Opera Reviews
25 February 2024
Untitled Document

Judas Maccabaeus evokes Middle East conflicts

by Catriona Graham

Handel: Judas Maccabaeus
International Handel Festival Göttingen
May 2018

With its paeans to peace and liberty, Handel’s oratorio Judas Maccabaeus was written to celebrate the end of the 1745 Jacobite rebellion, and programmed by Göttingen International Handel Festival to commemorate the end of the First World War. It tells how the Jewish hero successfully fought against the Seleucid empire, won back Jerusalem and purified the temple. The Israelitish Man sings about Judas pursuing all Samaria through hills of carnage and how Seron, “Syria’s boast”, fell with his unnumbered host.

There’s irony, then, in a performance on the very day the Middle East hots up a notch with Israel and Iran trading rockets over the same territory as Judas fought. Who said classical music is irrelevant to real life?

Deanna Breiwick and Sophie Harmsen, as the Israelitish Woman and Man respectively, were perfectly matched for their duets. Breiwick’s brighter, soprano sound and the rich, creamy voice of Harmsen are sufficiently different for their separate lines to be clear. Yes, ‘O lovely peace’ is a stalwart of 20th century school song-books, but Breiwick and Harmsen sang it delightfully, with complementary ornamentation, and charming flute echoes from Kate Clark.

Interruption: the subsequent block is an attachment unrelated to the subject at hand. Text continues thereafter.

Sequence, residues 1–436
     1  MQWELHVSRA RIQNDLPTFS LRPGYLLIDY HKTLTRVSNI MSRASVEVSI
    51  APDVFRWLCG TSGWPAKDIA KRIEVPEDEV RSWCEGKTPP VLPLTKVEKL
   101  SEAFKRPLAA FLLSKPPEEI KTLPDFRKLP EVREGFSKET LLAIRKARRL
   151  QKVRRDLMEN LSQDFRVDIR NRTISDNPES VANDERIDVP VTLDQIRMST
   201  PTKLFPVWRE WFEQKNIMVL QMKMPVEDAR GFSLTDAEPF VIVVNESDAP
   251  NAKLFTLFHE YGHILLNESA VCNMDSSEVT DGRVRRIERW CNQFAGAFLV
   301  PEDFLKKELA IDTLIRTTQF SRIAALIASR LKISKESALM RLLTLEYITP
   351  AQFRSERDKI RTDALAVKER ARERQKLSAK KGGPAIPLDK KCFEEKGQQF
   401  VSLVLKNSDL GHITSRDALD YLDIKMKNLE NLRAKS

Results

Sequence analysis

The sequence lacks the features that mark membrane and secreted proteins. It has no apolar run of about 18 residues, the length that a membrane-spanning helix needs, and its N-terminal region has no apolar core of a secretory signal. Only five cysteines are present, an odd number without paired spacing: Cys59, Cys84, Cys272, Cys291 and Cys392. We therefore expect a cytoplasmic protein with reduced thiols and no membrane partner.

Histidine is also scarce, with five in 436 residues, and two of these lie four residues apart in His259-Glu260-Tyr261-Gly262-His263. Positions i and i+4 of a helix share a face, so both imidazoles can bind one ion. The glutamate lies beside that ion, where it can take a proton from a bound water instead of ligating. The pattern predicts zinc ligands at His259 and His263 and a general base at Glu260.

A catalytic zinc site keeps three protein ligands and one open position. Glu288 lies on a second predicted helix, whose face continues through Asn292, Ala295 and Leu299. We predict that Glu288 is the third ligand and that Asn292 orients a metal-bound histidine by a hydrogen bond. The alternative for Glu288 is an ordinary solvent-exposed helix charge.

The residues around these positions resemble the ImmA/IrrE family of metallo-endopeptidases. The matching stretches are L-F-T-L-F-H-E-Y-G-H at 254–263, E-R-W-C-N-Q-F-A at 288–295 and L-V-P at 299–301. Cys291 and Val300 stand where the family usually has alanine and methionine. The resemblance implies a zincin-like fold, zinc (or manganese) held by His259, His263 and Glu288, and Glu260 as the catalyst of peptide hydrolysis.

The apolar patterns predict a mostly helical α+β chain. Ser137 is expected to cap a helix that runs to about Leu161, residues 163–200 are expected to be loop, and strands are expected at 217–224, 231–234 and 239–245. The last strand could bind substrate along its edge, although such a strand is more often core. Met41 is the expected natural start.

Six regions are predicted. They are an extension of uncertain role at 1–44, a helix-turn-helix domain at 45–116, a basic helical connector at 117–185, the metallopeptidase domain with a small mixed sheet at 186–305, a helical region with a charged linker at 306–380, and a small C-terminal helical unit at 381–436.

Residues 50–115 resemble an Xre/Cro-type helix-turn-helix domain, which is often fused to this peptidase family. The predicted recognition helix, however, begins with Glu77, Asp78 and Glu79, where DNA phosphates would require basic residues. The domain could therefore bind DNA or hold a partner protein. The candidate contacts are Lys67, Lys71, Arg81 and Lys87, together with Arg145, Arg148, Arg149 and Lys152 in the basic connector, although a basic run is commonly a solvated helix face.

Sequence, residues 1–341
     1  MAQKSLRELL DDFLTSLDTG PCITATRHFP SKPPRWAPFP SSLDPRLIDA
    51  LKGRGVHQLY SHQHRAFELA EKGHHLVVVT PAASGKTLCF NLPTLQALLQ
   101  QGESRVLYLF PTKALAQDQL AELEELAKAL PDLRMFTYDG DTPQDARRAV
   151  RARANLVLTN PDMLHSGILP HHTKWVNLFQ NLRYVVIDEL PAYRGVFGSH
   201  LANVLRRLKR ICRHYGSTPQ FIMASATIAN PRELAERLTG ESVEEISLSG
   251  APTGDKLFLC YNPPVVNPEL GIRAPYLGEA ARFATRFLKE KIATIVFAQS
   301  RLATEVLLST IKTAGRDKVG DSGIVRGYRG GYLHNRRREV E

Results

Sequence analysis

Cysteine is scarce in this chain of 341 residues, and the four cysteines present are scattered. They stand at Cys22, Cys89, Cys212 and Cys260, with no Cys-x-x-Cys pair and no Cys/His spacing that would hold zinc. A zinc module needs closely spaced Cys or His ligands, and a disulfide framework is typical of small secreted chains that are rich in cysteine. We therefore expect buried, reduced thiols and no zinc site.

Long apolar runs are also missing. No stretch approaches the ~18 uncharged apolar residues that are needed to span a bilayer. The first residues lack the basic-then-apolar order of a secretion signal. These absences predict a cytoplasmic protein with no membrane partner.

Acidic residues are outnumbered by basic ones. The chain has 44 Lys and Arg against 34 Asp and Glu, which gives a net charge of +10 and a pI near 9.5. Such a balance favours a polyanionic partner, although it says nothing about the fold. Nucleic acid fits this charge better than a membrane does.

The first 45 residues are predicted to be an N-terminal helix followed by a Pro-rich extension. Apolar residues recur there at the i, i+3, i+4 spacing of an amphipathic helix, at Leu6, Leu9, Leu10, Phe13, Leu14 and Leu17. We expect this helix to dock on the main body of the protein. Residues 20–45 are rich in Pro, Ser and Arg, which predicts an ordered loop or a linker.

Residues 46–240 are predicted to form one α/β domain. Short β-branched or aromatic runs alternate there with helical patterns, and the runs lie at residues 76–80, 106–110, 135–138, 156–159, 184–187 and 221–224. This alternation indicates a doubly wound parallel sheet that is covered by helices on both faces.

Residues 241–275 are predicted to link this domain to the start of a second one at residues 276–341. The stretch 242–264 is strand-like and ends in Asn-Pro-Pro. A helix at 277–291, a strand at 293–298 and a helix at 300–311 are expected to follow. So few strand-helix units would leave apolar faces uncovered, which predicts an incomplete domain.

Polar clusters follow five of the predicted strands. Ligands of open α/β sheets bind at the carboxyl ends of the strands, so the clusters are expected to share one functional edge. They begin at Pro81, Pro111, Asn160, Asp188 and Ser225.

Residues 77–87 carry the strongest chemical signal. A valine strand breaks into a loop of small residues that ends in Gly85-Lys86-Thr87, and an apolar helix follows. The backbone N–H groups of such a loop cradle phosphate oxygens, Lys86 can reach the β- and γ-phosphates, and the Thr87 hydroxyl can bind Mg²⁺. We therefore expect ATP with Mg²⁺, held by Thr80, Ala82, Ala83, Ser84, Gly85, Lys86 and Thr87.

Some critics claim the oratorio lacks drama and Judas does tend to make political speeches, rather than emote or converse. Kenneth Tarver approached it in a forthright way, maintaining his strong sound at both ends of his range, particularly noticeable in the air ‘How vain is man’, in which the melody jumps all over the place.  He held his own well against the trumpets and tympani in ‘Sound an alarm!’ and also in his duet with trumpets ‘With honour let desert be crown’d’.
Judas’s brother Simon does get to emote and João Fernandes did well with the many runs in the air ‘The Lord worketh wonders’. Owen Willets was a robust Israelitish priest, invoking God’s blessing on the preparation for the Feast of Lights.  Ina Jaks conveyed the urgency and excitement of the despatches from the battlefield.

The NDR Chor (chorus master David Cavelius) warmed up to a smooth, silken sound and produced a nice crescendo in the line ‘for laws, religion, liberty, we fall.’  Their diction was precise – important in so wordy a narrative as this.

The FestspielOrchester Göttingen played with their customary verve for conductor Laurence Cummings.  Highlights were the crisp, clean strings in “Fall’n is the foe’, and the low strings in the soprano air ‘Ah! Wretched, wretched Israel!’ Oh, and, of course, the trumpets.

As the original edition was being used, we did not see (or hear) the conquering hero until the audience’s enthusiastic response to the performance was rewarded and the NDR Chor sang it with a sparkling brightness, accompanied by a similar sound from FOG.

Text © Catriona Graham
Photo © Theodoro da Silva
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